Ebola’s been in the news lately, with several infected individuals on American soil. New York and New Jersey have begun to quarantine individuals arriving from West Africa who have had contact with infected people, and a nurse subjected to quarantine threatened a legal challenge. So, what’s the law? And what are the potential criminal law implications? Continue reading
Tag Archives: control measures
Ebola, Quarantines, and Criminal Law
Suppose that A, who has HIV and knows it, has unprotected sex with B, who doesn’t have HIV. A doesn’t warn B. Has A committed a crime?
Yes. At a minimum, A has failed to abide by communicable disease control measures. Under G.S. 130A-144(f), “[a]ll persons” are required to comply with control measures. The control measures for the most common serious communicable diseases are listed in 10A NCAC 41A.0201 et seq. (The Administrative Code is available online here.) The control measures for HIV, which appear in 10A NCAC 41A.0202, require infected individuals both to warn their sexual partners of their status and to use condoms during sex. Failure to comply with control measures is a misdemeanor, sentenced outside of structured sentencing. G.S. 130A-25(a)-(b). Note that sexual contact other than “intercourse” isn’t mentioned in the Code, nor is some non-sexual behavior that might involve some risk of transmission.
But has A has committed a more serious offense? Apparently, “ states currently have statutes [specifically] criminalizing behavior that risks the transmission of HIV or AIDS.” James B. McArthur, Note, As the Tide Turns: The Changing HIV/AIDS Epidemic and the Criminalization of HIV Exposure, 94 Cornell L. Rev. 707 (2009). However, there is no such statute in North Carolina. Leslie E. Wolf & Richard Vezina, Crime and Punishment: Is There a Role for Criminal Law in HIV Prevention Policy?, 25 Whittier L. Rev. 821 (2004). But perhaps A could be charged under the general criminal law. My colleague Bob Farb discussed this idea in the Prosecutors’ Trial Manual, listing the possible charges as follows:
For example [a prosecutor might charge], assault with a deadly weapon (the virus being the deadly weapon); assault with a deadly weapon inflicting serious injury (if the victim is infected); attempted first-degree murder or other felonious assaults that contain the “intent to kill” element (of course, proving the specific intent to kill may be difficult).
Robert L. Farb, Prosecutors’ Trial Manual 165 (4th ed. 2007).
As Bob observed, there are no reported North Carolina appellate cases on point. (Attempted murder and assault with a deadly weapon charges were brought in State v. Monk, 132 N.C. App. 248 (1999), a case in which an HIV-positive defendant raped, but apparently did not infect, a twelve-year-old; but the charges were dismissed at the close of the state’s case and the propriety of the charges was not at issue on appeal.) There are, however, several cases from around the country that are on point and that support such charges on appropriate facts. See, e.g., State v. Neatherlin, 154 P.3d 703 (N.M. Ct. App. 2007) (affirming conviction for assault with a deadly weapon where the Hepatitis C-infected defendant bit the victim and told the victim “that he hoped she would die”); People v. Dembry, 91 P.3d 431 (Colo. Ct. App. 2003) (affirming trial jury’s conviction of reckless endangerment where HIV-positive defendant sexually assaulted a foster child in his care); Hancock v. Commonwealth, 998 S.W.2d 496 (Ky. Ct. App. 1998) (holding that allegations that HIV-positive defendant repeatedly engaged in sexual intercourse with the victim over a period of two years provided sufficient basis for charge of wanton endangerment); United States v. Bygrave, 46 M.J. 491 (U.S. Armed Forces 1997) (stating that “[t]his Court has made clear on numerous occasions that an HIV-positive service member commits an aggravated assault by having unprotected sexual intercourse with an uninformed partner,” and affirming an assault conviction even where the defendant’s sexual partner knew of his infection and consented to sex); Commonwealth v. Cordoba, 902 A.2d 1280 (Pa. Super. Ct. 2006) (holding that an HIV-positive defendant may have placed the victim in danger of serious bodily injury sufficient to constitute reckless endangerment when he engaged in unprotected oral sex with her five or six times); State v. C.J., 2002 WL 31059244 (N.H. Super. Ct. May 23, 2002) (unpublished) (refusing to dismiss assault charges based on similar conduct; the New Hampshire assault statute in question expressly applies to those who “[r]ecklessly cause bodily injury to another”); Harman v. Commonwealth, 2009 WL 362126 (Va. Ct. App. Feb. 17, 2009) (unpublished) (affirming conviction for assault and battery where hepatitis C-positive defendant cut his own hand, then shook hands with the victim).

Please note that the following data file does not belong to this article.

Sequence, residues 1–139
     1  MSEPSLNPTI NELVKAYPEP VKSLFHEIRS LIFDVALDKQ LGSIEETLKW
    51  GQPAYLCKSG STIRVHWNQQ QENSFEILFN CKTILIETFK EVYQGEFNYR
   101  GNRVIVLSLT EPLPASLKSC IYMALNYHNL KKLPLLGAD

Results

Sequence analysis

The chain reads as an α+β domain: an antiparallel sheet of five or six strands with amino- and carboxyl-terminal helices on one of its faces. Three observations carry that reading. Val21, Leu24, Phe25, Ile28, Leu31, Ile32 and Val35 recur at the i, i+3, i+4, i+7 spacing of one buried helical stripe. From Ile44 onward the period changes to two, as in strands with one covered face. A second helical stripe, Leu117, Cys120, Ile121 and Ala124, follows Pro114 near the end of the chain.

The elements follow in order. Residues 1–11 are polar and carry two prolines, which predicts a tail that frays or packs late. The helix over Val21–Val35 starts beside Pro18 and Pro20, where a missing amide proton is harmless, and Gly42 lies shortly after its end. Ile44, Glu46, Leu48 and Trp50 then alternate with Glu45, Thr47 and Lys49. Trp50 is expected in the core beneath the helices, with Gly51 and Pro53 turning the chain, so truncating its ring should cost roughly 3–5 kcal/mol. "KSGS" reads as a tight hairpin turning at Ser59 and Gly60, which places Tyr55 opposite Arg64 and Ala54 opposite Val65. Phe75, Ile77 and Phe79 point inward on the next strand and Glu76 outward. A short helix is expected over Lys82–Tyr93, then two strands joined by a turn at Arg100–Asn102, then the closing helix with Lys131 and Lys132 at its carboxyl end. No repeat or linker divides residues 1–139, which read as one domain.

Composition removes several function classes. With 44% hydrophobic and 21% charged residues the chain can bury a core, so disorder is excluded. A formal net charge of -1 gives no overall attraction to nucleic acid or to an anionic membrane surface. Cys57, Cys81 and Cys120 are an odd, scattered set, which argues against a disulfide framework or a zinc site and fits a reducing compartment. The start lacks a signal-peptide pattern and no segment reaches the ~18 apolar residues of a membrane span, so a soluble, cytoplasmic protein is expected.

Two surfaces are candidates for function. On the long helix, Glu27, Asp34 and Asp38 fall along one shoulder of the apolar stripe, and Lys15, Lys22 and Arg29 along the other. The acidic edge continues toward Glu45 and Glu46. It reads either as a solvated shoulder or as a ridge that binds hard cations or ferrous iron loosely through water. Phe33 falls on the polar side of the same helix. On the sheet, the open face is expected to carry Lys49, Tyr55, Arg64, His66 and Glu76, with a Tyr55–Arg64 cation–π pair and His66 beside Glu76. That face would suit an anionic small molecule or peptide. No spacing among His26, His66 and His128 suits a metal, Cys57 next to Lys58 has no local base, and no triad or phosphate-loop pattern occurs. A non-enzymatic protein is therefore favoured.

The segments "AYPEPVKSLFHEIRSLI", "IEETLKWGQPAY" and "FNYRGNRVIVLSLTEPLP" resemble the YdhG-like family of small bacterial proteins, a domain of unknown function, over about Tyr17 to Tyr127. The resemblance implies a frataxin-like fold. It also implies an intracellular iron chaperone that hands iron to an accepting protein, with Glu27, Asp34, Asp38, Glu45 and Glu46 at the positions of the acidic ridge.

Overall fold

To sum up, in some instances, a defendant who knowingly exposes another to a communicable disease can be charged with the misdemeanor offense of failing to comply with control measures. Whether more serious charges are possible is unsettled, though out-0f-state cases suggest that the answer may be yes, particularly in egregious cases. Finally, just a reminder that I blogged previously about some of the issues that arise when officers are exposed to communicable diseases in the course of their work.